The distrust of cats that marked her earlier life has been replaced by acceptance and even fondness for Kirby and they are often seen parked off on the lawn next to each other. On cold evenings he even gets away with curling up next to her on her cushion. One particularly cold night we found him curled up halfway on top of her.
Fortunately there is no question about her quality of life. Her appetite remains keen, some days her eyes are as bright and shiny as they’ve ever been, she is in no discomfort that we can discern ; and so we all adapt as she goes through changes we can do nothing to alleviate.
Right now I’m screaming inside.
The only light side I can see is telling colleagues on the mornings after broken nights that I’m grey and haggard because my dog’s getting old. I’m only fifty, she’s almost fifteen.
For years I’ve been hard put to decide whether I’m more of a cat or dog person. In the end I’ve decided that I don’t need to make a choice. If forced to make a decision, Kimberley is a cat person. We have both been owned by cats, manipulated by them and trained by them. In the case of Tug, Kimberley moaned, resisted, grumbled, and did what Tug required anyway. He was known to the neighbourhood dogs as ‘Sir’ for good reason.
Following in the footsteps of such a strong-minded free-thinker was never going to be easy and in Kirby we couldn’t have asked for a greater contrast. Both were ginger males (neutered – I’m divorced, remember). That is the full sum of their similarities. Where Tug was the feline puppet master, Kirby isn’t convinced that he is a cat. Where Tug would have surveyed and instructed dogs, Kirby joins in their revelries. Tug was a Friskies man ; Kirby is a diehard Whiskas fan. Tug liked meat-flavoured cat food ; Kirby likes meat, and poultry, and fish. Tug would eat any respectable leftovers ; Kirby views them with undying suspicion and rarely eats any.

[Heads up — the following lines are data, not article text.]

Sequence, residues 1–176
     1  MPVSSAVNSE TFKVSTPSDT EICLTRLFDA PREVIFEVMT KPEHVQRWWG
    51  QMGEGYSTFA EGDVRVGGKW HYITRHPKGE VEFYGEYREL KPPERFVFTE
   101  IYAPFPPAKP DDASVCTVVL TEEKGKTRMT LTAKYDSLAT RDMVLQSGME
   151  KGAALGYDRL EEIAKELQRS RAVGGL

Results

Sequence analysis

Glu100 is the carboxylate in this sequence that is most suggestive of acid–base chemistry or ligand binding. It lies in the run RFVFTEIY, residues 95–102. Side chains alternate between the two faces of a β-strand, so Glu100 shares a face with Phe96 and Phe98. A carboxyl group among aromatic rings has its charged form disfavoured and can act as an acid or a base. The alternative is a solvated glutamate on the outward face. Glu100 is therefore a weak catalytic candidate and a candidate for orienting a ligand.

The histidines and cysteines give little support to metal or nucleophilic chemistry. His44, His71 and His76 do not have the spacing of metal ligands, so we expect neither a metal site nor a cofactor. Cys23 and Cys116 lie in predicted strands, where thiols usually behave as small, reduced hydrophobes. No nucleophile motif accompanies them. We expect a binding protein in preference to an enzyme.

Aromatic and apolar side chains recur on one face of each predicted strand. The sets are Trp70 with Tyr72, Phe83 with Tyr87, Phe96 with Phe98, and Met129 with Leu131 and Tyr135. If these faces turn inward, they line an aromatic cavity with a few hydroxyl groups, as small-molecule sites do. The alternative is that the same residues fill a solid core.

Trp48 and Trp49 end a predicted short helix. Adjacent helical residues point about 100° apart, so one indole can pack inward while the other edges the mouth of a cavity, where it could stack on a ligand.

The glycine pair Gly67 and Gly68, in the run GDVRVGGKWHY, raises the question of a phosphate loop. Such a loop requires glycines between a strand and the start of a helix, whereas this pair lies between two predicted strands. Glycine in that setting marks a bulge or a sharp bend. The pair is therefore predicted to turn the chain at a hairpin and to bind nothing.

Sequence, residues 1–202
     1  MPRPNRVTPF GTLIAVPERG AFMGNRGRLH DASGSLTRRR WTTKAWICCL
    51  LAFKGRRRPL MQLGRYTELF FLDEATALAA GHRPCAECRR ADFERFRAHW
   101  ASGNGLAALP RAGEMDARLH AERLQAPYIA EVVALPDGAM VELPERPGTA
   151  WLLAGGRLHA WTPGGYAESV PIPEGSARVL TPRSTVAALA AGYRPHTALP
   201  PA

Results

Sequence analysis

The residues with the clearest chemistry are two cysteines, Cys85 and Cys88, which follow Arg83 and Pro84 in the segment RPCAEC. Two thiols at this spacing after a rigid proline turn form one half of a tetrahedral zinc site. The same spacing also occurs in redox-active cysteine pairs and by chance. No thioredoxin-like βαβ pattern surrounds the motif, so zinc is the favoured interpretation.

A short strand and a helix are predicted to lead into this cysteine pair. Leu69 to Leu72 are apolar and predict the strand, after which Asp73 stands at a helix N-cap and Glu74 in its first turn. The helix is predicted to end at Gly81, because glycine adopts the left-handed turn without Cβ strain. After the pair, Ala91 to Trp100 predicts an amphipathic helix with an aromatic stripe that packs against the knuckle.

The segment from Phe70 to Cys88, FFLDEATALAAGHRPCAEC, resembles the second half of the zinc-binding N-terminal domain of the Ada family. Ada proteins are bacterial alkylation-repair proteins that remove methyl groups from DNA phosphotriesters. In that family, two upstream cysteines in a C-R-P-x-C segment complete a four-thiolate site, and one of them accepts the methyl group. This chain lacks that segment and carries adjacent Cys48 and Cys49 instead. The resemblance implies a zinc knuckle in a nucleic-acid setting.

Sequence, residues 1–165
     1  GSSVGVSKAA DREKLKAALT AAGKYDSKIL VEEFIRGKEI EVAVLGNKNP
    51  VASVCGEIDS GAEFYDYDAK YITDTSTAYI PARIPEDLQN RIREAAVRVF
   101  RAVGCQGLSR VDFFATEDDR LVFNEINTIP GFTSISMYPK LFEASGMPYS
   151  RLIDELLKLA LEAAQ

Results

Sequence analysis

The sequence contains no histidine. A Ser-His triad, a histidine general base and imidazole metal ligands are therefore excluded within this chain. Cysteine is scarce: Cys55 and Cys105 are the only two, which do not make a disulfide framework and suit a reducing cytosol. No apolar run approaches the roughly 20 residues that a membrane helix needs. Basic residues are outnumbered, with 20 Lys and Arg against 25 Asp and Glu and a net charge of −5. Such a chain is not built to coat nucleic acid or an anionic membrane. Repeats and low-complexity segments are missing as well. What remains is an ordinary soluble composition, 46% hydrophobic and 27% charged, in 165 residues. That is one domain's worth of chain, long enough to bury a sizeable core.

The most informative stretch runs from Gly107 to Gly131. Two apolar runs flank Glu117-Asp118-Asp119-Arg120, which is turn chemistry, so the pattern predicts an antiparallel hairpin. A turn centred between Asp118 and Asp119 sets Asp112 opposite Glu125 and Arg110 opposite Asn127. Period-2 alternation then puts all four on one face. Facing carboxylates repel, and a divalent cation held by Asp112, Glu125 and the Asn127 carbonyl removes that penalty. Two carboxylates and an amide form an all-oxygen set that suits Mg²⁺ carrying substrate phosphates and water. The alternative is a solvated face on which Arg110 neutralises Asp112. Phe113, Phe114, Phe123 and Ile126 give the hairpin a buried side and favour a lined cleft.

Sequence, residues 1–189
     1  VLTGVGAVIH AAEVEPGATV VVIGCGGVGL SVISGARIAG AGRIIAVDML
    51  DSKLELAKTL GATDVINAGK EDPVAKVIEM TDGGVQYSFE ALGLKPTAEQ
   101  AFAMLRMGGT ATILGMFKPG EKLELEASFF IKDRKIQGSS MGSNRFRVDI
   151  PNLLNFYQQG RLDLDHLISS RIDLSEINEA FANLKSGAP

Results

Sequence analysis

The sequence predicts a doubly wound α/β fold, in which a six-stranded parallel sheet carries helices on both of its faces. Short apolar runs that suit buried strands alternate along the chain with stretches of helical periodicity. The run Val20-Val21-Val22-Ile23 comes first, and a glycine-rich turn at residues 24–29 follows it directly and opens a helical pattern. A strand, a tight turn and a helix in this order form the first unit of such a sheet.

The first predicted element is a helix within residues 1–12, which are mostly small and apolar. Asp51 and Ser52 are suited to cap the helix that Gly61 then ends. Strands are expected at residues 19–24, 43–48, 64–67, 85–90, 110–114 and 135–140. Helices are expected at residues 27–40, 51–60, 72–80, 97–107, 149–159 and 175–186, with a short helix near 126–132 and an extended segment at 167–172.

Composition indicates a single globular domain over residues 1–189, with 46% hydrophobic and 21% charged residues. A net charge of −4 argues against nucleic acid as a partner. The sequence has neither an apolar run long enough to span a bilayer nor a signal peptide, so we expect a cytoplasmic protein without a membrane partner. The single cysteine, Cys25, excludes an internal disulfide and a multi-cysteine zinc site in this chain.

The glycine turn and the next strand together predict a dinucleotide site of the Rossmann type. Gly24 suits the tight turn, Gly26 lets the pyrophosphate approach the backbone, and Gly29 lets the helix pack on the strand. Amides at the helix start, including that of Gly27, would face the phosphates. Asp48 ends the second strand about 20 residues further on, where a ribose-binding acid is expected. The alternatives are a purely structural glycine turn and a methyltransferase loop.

It’s been a joy to watch Kirby developing. He was two years old when he came to live with us. The SPCA had been told his previous owner handed him in because he was scared of dogs. Whatever the real problem may have been, he is as scared of dogs as I am – somewhere near not at all. But he had not a flea’s worth of an idea of what cats do or how they think. Either he was separated from his mother at birth or she just abdicated her responsibilities. Despite the long line of cats in my history, I’ve never before felt obliged to teach one to be a cat.
He still stands on his head to clean under his arms and tummy and lays his limbs out in such complex manoeuvres that it’s a wonder we haven’t had to take him to the vet to be unknotted. The thought of bringing the appendage to his face to be cleaned doesn’t occur to him and he takes his head to whichever body part is facing ablution.
Kimberley had been devastated by Tug’s premature death and we tried to incorporate his memory into everyday life. It became a bit of a family joke that he had left post-its for Kirby explaining what would be required of him.
Anyway at some stage, whether he read the relevant post-it or not, it was borne on Kirby that birds and cats should not mix. They should not even share the same gardens. His lips started twitching when he watched them and I was afraid that I’d have to discourage him from catching birds as I’d had to do with other cats in the past. Then a little birdie showed me the true state of affairs ; actually it was a whole flock of them.